Butorphanol (Stadol): Opioid Uses, Side Effects & Dosage

What is butorphanol? What is butorphanol used for?

Butorphanol is a synthetic opioid narcotic pain reliever. It prevents pain in a similar way as morphine (MS Contin), hydrocodone (Zohydro), oxycodone (Oxycontin), and other opioids. Like other opioids, it stimulates receptors in the brain to increase the threshold to pain (the amount of stimulation it takes to feel pain) and reduce the perception of pain (the perceived importance of the pain). The FDA approved butorphanol in August 1978.

What brand names are available for butorphanol?


Is butorphanol available as a generic drug?


Do I need a prescription for butorphanol?


What are the side effects of butorphanol?

The most frequent adverse reactions include drowsiness,
dizziness, nausea, vomiting, and nasal congestion and insomnia with the nasal
preparation. Patients may also experience palpitations, flushing, anxiety,
confusion, euphoria, headache, nervousness, tingling sensation in limbs,
cold/clammy skin, sweating, itchiness, anorexia, constipation, stomach pain,
mouth, tremor, weakness, blurred vision,
ringing in ears, and difficulty
breathing. Butorphanol is habit forming. Mental and physical dependence can
occur when used long-term.


Medically speaking, the term “myalgia” refers to what type of pain?
See Answer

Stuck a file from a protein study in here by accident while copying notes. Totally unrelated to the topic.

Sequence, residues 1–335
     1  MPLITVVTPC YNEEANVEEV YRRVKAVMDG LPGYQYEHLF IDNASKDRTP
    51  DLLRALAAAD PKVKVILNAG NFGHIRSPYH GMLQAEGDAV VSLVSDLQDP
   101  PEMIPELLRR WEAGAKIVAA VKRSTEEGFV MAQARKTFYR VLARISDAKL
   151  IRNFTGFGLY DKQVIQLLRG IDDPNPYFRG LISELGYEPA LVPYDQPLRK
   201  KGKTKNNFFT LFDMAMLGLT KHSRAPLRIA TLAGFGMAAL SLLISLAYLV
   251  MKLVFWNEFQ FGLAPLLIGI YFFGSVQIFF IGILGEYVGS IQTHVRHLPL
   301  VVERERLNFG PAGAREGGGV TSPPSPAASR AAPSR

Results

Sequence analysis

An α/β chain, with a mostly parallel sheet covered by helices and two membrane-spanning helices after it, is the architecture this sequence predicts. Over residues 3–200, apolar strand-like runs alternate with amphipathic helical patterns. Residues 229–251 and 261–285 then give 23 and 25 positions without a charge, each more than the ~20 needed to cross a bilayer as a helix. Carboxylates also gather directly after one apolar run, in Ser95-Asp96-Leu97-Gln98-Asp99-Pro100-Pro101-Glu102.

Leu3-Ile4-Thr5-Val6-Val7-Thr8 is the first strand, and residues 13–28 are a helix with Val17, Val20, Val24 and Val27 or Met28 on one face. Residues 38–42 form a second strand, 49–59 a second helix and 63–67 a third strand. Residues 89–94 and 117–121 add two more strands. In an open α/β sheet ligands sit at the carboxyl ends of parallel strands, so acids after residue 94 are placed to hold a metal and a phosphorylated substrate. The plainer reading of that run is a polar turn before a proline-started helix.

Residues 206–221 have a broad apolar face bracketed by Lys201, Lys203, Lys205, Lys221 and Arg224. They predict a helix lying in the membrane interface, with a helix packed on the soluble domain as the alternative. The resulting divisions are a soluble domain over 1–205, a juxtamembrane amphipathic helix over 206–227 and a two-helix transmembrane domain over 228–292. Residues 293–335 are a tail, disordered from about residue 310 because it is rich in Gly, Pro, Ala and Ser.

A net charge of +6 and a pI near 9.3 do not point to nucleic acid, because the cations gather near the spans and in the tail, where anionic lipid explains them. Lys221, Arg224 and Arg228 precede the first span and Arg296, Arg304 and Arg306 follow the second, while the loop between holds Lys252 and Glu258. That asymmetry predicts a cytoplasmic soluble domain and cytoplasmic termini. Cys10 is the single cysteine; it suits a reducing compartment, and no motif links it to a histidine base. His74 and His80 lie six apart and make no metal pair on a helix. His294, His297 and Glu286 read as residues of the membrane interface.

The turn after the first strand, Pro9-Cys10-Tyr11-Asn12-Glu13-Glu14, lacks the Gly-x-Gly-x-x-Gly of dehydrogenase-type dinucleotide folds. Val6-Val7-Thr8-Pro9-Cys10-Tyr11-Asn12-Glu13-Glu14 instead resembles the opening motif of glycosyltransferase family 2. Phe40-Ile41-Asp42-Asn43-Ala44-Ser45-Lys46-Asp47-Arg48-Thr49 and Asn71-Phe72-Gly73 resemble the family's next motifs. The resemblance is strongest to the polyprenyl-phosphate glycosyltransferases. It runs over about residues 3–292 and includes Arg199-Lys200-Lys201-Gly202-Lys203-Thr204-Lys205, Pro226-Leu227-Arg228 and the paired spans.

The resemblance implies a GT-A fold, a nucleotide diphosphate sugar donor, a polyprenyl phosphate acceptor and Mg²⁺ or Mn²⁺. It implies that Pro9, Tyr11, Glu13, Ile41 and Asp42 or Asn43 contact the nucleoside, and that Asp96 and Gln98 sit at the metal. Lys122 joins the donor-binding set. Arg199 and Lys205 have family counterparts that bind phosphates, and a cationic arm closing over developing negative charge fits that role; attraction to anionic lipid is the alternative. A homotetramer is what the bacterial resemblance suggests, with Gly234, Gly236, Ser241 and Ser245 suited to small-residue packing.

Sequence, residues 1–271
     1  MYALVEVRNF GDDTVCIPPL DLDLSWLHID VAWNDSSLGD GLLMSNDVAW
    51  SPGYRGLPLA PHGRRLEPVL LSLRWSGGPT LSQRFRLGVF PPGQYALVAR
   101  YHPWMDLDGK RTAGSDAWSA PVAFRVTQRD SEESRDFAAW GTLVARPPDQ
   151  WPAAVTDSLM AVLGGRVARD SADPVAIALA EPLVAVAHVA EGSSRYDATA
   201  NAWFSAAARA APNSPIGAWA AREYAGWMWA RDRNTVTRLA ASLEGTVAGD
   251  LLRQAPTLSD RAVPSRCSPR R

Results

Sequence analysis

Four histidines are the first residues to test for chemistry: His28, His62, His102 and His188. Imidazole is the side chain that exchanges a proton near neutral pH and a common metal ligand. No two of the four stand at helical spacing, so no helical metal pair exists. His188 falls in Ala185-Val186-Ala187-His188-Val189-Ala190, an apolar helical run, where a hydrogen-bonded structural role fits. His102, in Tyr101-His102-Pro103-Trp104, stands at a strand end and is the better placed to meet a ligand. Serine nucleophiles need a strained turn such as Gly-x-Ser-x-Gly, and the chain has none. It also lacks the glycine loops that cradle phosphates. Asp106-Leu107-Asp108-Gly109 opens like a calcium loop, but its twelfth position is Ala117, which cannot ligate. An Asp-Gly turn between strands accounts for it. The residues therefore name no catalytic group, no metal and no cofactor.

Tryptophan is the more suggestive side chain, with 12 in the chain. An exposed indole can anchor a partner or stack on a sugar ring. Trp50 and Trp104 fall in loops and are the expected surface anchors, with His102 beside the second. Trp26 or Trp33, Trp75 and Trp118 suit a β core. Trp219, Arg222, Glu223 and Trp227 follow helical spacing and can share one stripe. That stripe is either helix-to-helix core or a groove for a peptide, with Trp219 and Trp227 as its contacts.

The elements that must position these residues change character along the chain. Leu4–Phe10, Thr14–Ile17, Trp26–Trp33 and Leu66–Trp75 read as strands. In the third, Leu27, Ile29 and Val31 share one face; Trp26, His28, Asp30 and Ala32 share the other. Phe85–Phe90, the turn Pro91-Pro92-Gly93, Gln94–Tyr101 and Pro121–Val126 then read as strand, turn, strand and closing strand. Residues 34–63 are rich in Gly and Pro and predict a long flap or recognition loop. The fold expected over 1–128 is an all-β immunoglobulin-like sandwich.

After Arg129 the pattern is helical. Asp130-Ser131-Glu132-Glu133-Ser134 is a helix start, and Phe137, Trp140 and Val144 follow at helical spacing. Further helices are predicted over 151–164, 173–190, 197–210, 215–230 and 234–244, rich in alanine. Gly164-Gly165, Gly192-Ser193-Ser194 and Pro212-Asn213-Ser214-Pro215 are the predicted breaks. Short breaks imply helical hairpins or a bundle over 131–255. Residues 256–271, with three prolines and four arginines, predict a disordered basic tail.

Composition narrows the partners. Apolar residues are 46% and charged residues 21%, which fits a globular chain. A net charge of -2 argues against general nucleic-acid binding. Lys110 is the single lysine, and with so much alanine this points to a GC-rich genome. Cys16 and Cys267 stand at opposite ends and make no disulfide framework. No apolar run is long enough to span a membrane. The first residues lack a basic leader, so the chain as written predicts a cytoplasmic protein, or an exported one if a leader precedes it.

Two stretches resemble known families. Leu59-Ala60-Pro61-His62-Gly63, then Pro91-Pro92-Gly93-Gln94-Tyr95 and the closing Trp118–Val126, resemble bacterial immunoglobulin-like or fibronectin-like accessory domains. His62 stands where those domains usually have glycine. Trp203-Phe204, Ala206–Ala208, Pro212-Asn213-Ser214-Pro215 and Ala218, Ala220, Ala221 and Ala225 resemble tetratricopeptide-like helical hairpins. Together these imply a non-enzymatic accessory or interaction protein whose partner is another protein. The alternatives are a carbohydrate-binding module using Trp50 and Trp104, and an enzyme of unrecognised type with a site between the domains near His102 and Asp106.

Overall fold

What is the dosage for butorphanol?

The initial dose for adults is based on the setting in which it is
used, as well as whether it is delivered intramuscularly, intravenously, or
through nasal spray. Most initial intravenous doses for pain range between 0.5
to 2 mg, which may be repeated every 3 to 4 hours as needed.

Which drugs or supplements interact with butorphanol?

Combining butorphanol with other agents that cause depression of the central nervous system may lead to increased sedation and confusion.

Alvimopan (Entereg) should not be combined with butorphanol because it increases levels of butorphanol.

Butorphanol should not be taken with any of the monoamine oxidase inhibitor (MAOI) class of antidepressants, for example, isocarboxazid (Marplan), phenelzine (Nardil), tranylcypromine (Parnate), selegiline (Eldepryl), and procarbazine (Matulane) or other drugs that inhibit monoamine oxidase, for example, linezolid (Zyvox). Such combinations may lead to confusion, high blood pressure, tremor, hyperactivity, coma, and death. Butorphanol should not be administered within 14 days of stopping an MAOI.

Is butorphanol safe to take if I’m pregnant or breastfeeding?

Butorphanol is excreted in
breast milk. The amount that the
infant may receive is very low and insignificant.

What else should I know about butorphanol?

What preparations of butorphanol are available?

Solution with or without preservatives:
1 or 2 mg/mL in 1, 2, 10 mL; Nasal solution: 10 mg/ mL in 2.5 mL bottle.

How should I keep butorphanol stored?

Butorphanol solution should be stored at room temperature, between
15 C to 30 C (59 F to 86 F) and protected from light. Nasal spray should be
stored at room temperature between 20 C to 25 C (68 F to 77 F).

Check Also

Heparin: Blood Clot Uses, Warnings, Side Effects, Dosage

Generic Name: heparin Drug Class: Anticoagulants, Cardiovascular; Anticoagulants, Hematologic What is heparin, and what is it used for? Heparin is a natural anticoagulant compound in the body that prevents the formation of blood clots (thrombosis). Heparin used as medication is commercially prepared from animal mucous tissue such as ox lungs and pig intestines. Heparin is administered …

Leave a Reply